Alan and Jonna's weekend hiking trip to Moab, UT

In January of 2004 we were talking with our friend Todd about getting out for a hike and on a lark decided we would make a weekend trip to Moab, UT to do some hiking out in the desert. The temperatures in Moab had well below freezing since they had been experiencing an inversion but fortunately for us the weather turned just as we arrived so we had warm weather for our two days of hiking. Todd brough along his pup Jake so it was the four of us for the weekend.

Here are some of our photos from the trip.

1) Our first hiking outing was to check out Hidden Valley just south of Moab. This trail has an immediate, steep climb out of the parking lot into the entrace to Hidden Valley and then continues with a steady but mellow climb all the way to a pass halfway up the valley. From there you can look north to where the meets the Moab Rim trail and down onto the Colorado River. Here Todd and Jake climb up to the final switchbacks from the parking area.

2) The super cold weather of the previous week and created amazing snow crystals. It was difficult to get a photo with a camera that didn't have manual focus but you can kind of see these 1/2" long crystals in this photo. There were wide fields of snow with these hairy ice crystals sticking up off them.

3) Todd and Jake the Hidden Valley pass looking north towards the Moab Rim trail.

4) The recent cold temperatures meant there was a lot of crusty snow on the ground but the sunshine made for warm hiking weather.

5) Blues skies and red rock. When everything falls into place winter hiking in Moab is perfect!

6) Jonna back down at the parking lot with the trail's steep climb behind her.

7) Before hiking on Sunday we went on a scenic drive along Potash Road (UT-279). We stopped at two different spots along the road to check out the petroglyphs at one site and the petrified dinosaur tracks. Very cool sights and easy roadside attractions.

8) We climbed up onto the cliffside to get a good view but were very careful not to touch or mar the rock. Even Jake wanted a close look.

9) Jonna wanted to relax Sunday afternoon so Todd and I headed out to do a second hike. We chose the Negro Bill Canyon hike out to Morning Glory Arch. It was cooler down in shade of the canyon which meant heavy jackets were needed.

10) The trail criss-crosses a little stream that was flowing even mid-winter. There was ice in the bends of the little stream which made of pretty glass-like shapes with fresh (cold!) water flowing underneath.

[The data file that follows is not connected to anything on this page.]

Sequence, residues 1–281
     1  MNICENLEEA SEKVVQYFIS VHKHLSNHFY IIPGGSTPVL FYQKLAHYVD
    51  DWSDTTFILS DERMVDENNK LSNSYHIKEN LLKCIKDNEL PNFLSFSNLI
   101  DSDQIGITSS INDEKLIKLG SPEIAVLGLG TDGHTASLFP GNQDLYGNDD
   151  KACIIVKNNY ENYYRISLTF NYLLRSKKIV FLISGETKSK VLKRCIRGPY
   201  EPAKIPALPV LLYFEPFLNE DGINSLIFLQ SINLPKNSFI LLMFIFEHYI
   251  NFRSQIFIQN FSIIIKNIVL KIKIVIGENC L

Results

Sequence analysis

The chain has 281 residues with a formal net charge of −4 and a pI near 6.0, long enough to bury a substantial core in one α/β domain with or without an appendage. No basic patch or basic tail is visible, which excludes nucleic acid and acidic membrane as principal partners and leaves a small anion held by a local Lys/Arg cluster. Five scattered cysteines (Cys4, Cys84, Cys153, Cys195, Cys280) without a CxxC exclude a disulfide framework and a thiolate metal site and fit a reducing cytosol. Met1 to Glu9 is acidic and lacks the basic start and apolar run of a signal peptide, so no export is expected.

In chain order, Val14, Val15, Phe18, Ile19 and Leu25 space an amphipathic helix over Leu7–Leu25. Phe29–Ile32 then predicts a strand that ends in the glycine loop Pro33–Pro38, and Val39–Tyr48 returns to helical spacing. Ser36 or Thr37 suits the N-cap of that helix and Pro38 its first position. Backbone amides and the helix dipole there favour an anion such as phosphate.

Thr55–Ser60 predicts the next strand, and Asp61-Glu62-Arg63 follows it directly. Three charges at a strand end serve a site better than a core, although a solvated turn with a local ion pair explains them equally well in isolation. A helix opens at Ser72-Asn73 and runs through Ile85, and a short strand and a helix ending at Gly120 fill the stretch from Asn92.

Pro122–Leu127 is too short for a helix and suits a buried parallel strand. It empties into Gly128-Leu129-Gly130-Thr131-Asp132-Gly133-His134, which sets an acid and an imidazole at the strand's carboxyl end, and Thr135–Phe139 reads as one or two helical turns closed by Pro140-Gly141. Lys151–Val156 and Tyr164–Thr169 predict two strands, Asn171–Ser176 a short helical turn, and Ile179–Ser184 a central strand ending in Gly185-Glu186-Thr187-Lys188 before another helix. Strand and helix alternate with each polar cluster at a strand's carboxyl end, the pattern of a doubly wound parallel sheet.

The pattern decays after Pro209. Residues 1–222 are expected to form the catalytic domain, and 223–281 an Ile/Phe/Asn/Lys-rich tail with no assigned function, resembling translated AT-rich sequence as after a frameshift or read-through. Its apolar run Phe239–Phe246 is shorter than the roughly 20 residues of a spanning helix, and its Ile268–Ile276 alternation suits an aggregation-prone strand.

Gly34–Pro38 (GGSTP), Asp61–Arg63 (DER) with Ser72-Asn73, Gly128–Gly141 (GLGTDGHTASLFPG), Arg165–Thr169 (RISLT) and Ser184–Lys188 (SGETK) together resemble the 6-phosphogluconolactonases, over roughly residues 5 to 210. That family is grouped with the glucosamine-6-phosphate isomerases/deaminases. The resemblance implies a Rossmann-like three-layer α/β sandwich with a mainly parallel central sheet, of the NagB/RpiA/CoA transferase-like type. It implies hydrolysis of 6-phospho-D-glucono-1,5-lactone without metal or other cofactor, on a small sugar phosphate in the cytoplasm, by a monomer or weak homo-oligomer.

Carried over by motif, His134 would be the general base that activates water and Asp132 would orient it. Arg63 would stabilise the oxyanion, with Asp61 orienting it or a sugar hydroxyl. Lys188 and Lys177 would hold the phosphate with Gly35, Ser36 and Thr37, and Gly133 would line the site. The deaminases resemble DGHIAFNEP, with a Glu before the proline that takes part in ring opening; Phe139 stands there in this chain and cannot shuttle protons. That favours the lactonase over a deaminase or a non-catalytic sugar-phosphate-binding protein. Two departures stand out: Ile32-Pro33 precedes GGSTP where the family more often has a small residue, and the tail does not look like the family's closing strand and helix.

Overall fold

11) There were also plenty of icicles hanging down whereever there were seeps on the cliff walls. We made sure not to spend much time underneath!

12) The further up the canyon we hiked the higher in elevation we climbed and closer to the warmth of sunlight we got.

13) At the point where the side canyon to the Morning Glory Arch connected with Negro Bill Canyon it widened out so you could get a more expansive view of the landscape.

14) For some strange reason Todd wasn't willing to jump into the water no matter how much I argued that it would make a great photo...

15) In one turn of the Morning Glory Arch canyon there was a wall of ice. We found a ledge so we could climb up behind the icicles and look through the ice like a curtain. Neat!

16) The final section of the trail leading to the Morning Glory Arch contains a mini-canyon down the middle where the stream has carved a small slot canyon into the floor of the wider canyon.

17) The Morning Glory Arch is massive. It isn't as spectacular as the free standing arches that are in the area but it is awe inspiring to see such a massive slab of rock towering overhead.

18) There is a small trickle of water coming out of the race of the cliff which is the headwaters of the little stream that trickles through the mini-slot canyon we hiked along on the way in.

19) An overhead panorama photo to try to show the size of the arch.

Return to Alan and Jonna's Travel Page

Return to Alan's Home Page

Alan Fleming